Conditions governing access

Some of the material in Series 3, Series 5-7, Series 9, and Series 11-15 have Access Restrictions. For further details, please contact OHEC Reference Services via email:

Conditions governing reproduction

Language of material

  • Afrikaans
  • Bengali
  • Blissymbols
  • Danish
  • Dutch
  • English
  • Finnish
  • French
  • German
  • Hebrew
  • Hindi
  • Hungarian
  • Icelandic
  • Italian
  • Korean
  • Norwegian
  • Polish
  • Portuguese
  • Russian
  • Spanish
  • Swedish
  • Swiss French
  • Swiss German
  • Xhosa

Script of material

Language and script notes

Physical characteristics and technical requirements

Finding aids

Allied materials area

Existence and location of originals

Existence and location of copies

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Related descriptions

Notes area


Includes 1,819 transparencies, 107 volumes, 109 objects, 46 photographs, 46 digital media discs, 17 kits, 9 videocasette tapes, 1 drawing, and 1 film reel.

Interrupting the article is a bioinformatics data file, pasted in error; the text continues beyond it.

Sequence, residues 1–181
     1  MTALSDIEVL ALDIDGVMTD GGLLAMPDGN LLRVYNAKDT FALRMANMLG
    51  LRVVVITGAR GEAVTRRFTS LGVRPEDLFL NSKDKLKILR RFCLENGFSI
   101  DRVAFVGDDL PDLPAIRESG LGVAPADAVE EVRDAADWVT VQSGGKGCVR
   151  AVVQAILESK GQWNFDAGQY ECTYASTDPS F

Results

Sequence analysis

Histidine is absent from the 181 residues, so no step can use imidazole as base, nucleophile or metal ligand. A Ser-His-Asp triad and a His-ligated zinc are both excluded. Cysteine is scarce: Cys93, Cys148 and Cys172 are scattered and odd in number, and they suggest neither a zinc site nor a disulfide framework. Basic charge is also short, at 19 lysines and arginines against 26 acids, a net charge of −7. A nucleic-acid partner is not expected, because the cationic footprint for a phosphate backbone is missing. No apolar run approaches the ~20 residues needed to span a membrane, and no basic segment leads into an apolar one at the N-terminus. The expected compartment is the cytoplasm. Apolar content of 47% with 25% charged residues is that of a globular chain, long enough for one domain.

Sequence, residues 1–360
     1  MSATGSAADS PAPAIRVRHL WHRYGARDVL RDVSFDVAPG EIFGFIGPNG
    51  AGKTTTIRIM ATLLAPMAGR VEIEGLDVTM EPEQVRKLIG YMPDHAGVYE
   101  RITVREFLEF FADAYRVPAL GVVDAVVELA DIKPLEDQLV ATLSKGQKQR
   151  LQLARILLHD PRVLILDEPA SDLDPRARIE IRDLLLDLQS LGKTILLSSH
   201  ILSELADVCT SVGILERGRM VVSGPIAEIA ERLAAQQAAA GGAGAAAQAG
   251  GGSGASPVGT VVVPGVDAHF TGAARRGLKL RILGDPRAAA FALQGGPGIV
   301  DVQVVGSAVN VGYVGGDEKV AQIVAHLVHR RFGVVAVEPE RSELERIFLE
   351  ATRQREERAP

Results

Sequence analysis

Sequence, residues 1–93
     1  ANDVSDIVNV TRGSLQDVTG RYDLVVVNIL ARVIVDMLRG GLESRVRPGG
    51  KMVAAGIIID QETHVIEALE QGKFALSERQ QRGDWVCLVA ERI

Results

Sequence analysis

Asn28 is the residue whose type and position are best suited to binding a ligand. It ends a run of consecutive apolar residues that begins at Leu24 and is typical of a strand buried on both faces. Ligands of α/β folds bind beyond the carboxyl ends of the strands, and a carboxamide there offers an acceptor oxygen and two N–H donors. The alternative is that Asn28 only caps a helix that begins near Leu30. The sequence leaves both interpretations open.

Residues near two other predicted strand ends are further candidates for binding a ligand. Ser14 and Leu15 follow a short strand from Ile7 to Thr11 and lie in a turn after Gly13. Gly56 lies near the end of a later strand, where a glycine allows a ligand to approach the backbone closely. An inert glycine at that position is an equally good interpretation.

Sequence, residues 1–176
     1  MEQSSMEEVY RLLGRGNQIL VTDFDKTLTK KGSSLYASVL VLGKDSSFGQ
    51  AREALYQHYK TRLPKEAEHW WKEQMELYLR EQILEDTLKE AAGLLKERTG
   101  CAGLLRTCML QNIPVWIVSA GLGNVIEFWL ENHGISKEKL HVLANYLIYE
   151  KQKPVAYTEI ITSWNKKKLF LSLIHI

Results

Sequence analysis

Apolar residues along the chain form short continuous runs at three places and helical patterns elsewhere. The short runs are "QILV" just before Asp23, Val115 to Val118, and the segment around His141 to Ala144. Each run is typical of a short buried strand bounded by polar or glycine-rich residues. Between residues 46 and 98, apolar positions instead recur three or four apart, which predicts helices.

Please be aware that this archival collection includes materials that refer to people with disabilities using terminology that may be upsetting or offensive.

In the past fifty years there has been considerable advancement and attention paid to the language used to describe people with disabilities. Many terms that were once considered appropriate by the public and in the medical field are known today to be offensive and should not be used.

In an effort to be transparent and keep the contents of this archival collection in its original context, these words have not been stripped in the archival description.

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Description control area

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Rules and/or conventions used

Dates of creation revision deletion

Created by Emma Thomas, 2022
Revised by Nat Johnson-Tyghter and Andrew Sandock, 2023




Accession area